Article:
Time management and documentation are critical elements in managing and fulfilling my work duties, but in them also resides enriched data to monitor my progress and evolution. The charts in the following dashboard were developed using the D3 JavaScript library that connects a dynamic CSV file linked from my daily tasks database to a CSS-generated SVG.  As a result, this is a live dashboard that is updated dynamically from database to server and ultimately through the data visualizations.  Scroll through the dashboard to the see just the first instances of D3-generated charts that I have developed.  Then check out the data analysis workflow at the bottom of this page to get a quick glimpse of how data is generated and evolves into valuable information.


The piechart to the right showcases the allocation of time dedicated for roles and responsibilities as the Design Technology Manager and a Project Architect at HOK's Gulf Coast Region.  The distribution notes the amount of Design Tech. Education & Documentation necessary to provide effective support in a very wide range of tools (see Tech. Analytics below).

The interactive scatter plot chart below is a visualization utilizing data from my daily task activities with the D3 JavaScript library for visualizing the distribution of design technology management tasks performed from the beginning of 2017 to the present.  Hover over each data point to see the corresponding data label above the chart with more specific information. The term Support Hours noted in the data labels is used to define a wide range of tasks involving design technology, but is the subset of General & Project Design Tech. Support (noted in the pie chart).  The scatter plot chart goes even further by differentiating the extent of tasks performed in support of the different offices throughout HOK.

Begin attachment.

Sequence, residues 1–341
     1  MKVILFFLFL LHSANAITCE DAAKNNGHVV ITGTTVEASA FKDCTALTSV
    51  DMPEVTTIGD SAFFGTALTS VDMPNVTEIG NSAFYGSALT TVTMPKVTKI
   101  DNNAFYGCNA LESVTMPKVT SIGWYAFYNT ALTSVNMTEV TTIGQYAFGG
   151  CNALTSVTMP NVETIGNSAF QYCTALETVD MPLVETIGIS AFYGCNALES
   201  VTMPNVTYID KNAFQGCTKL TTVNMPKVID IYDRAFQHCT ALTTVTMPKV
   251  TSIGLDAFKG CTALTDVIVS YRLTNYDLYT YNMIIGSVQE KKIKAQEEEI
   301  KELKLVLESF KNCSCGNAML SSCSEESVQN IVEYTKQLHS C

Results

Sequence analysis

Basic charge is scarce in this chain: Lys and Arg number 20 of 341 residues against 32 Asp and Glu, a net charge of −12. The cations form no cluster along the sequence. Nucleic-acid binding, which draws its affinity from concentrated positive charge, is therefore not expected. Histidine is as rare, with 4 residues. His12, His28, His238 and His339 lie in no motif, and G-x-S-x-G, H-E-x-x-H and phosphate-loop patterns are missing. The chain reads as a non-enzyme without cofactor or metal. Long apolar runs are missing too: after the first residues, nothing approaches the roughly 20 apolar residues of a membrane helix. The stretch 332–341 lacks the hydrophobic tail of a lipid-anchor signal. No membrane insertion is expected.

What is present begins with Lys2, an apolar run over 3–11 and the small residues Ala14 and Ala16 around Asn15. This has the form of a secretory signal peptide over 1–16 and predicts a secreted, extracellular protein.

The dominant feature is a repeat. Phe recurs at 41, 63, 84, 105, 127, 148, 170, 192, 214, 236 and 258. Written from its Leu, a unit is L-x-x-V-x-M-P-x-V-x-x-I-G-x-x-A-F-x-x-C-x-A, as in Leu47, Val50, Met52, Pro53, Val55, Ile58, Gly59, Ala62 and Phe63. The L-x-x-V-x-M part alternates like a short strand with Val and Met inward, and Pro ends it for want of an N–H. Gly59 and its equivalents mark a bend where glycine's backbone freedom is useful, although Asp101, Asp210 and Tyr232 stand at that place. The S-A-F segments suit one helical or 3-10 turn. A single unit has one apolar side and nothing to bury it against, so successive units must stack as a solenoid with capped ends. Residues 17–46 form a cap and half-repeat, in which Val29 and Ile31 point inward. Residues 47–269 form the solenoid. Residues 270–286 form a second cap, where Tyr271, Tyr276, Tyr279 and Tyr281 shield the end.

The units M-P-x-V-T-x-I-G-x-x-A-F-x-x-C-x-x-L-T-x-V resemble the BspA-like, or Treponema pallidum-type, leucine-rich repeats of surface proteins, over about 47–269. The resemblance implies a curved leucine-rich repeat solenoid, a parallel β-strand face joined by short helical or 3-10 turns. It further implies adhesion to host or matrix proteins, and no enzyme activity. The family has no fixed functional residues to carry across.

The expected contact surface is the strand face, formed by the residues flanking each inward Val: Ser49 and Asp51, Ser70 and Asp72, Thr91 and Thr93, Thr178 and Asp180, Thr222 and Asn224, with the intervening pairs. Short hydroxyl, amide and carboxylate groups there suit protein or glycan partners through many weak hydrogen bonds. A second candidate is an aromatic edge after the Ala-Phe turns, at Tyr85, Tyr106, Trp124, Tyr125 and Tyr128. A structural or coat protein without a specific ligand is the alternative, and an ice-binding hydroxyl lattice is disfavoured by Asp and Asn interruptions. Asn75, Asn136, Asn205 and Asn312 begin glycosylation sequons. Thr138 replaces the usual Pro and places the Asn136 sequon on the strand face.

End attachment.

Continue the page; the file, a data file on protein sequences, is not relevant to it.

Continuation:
Although this data collection is only for the past few months, an interesting trend is beginning to emerge in the scatter plot chart: the distribution of support is beginning to disperse more among various offices, particularly around the end of April and throughout May.


Throughout any given week, I use a variety of technology as Design Technology Manager for HOK (Gulf Coast Region), but also through my own endeavors in game programming, web design, and VR/AR technology. Both the bubble and bar chart below reflect my average utilization of technology itemized with each individual tool and presented graphically different to show the range and variation. The only exception to those listed here is Revit, which is and omitted for brevity and clarity.


The workflow to develop this dashboard requires the discipline to effectively manage the raw data regularly so that the live database linked to the data visualization stays current and can present valuable information.

Data input begins with daily task entries within an Airtable table (sample screenshot below).  Various fields are populated with task information, such as the nature of the task, amount of time, design technology used in the task, and several other categories to assist with different analyses.

Data is exported weekly from Airtable as a CSV that is input into a MySQL database for further processing and sorting.  Airtable has some limitations in formatting the data for a particular CSV configuration, but MySQL is able to perform these modifications in an web-based environment.

JavaScript & D3
The modified CSV data is used along with JavaScript and the D3 (Data-Driven Documents) library to generate dynamic HTML and CSS based off of the linked CSV data.

With a basic HTML page framework, the programmed JavaScript and D3 is able to generate the rest of the HTML and CSS to present the data visualization on the web page.

Dashboard Table Sample